MillcreekAugust 26th, 2015, 11:08 am
Healdsburg, CA

Posts: 297
Dichotomous keys are tricky for immature nymphs.


However, ameletids show the pectinated spines in the mouthparts very early in their life, I've found them on nymphs as small as 3mm and they may show on smaller ones. The nymph also doesn't show the large eyes or short antennae of an ameletid. The maculation of the nymph is certainly striking but doesn't preclude a baetid. A number of them are quite striking in color. The size does seem large for a baetid.

Anyway, it doesn't seem likely that it will be resolved based on a photo.
"If we knew what it was we were doing, it would not be called research, would it?"
-Albert Einstein
EntomanAugust 27th, 2015, 3:11 pm
Site Editor
Northern CA & ID

Posts: 2604
Yep, they rarely do. They can make for fun discussions, though. :) In this case, there are some helpful things that are observable.

I can't speak to what you observed with the specimen in hand using keys and magnification; nor do I have an explanation for the anomalies between that and what I think I'm seeing. In addition to what has been mentioned earlier I'm seeing the following.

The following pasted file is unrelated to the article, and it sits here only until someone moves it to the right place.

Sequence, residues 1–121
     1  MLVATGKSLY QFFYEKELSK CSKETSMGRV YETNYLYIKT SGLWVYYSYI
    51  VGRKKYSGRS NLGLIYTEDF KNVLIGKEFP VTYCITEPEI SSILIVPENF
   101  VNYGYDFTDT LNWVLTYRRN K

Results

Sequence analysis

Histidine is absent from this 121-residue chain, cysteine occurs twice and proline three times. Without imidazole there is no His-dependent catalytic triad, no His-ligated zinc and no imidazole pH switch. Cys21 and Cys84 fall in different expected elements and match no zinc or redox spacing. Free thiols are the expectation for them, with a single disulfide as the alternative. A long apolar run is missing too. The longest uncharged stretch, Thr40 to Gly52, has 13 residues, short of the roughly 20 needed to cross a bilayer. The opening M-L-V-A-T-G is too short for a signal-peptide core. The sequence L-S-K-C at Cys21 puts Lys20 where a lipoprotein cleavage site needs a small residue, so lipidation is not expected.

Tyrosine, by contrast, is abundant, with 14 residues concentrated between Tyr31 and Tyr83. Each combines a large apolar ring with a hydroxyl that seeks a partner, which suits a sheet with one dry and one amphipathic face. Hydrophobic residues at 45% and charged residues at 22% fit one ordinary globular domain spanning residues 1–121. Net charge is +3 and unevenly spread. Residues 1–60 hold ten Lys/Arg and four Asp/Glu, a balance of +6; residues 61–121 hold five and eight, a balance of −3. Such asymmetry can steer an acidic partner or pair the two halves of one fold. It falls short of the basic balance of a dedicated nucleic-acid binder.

1. The antennae look fairly short to me (about head width or a little longer). Most baetids are usually longer, often around 1/3 to 1/2 body length.

2. Baetids (excepting Callibaetis and the tiny prev. Centroptilium group and a few others) have shorter terminal filaments and they are usually more tapered over their length. These are equal length with most of their taper at the tips.

3. While baetids can have striking dorsal maculation patterns under magnification, they usually look pretty muted in the hand. This specimen looks to be a different order of magnitude, particularly at the lateral margins.

However, the legs (particularly the forelegs) look long and spindly for an ameletid.

Anyway, interested in your opinions on this. Particularly the terminal filament length and the legs. Perhaps we are missing something?

"It's not that I find fishing so important, it's just that I find all other endeavors of Man equally unimportant... And not nearly as much fun!" Robert Traver, Anatomy of a Fisherman
MillcreekAugust 27th, 2015, 7:23 pm
Healdsburg, CA

Posts: 297
I went back and checked size since this seems a sticking point. I checked it against the size of several stonefly larvae collected at the same time and place. It would measure out at 5.5 to 7 mm.

The antennae do seem short although the photo is badly out of focus so it's difficult to say whether they're short or broken off. I really can't remember.

I agree pretty much with your other suppositions.

I'm beginning to wonder if it could be a Procloeon? I can't find one it matches exactly, but some come pretty close.

http://www.discoverlife.org/mp/20q?search=Procloeon

"If we knew what it was we were doing, it would not be called research, would it?"
-Albert Einstein
EntomanAugust 27th, 2015, 9:02 pm
Site Editor
Northern CA & ID

Posts: 2604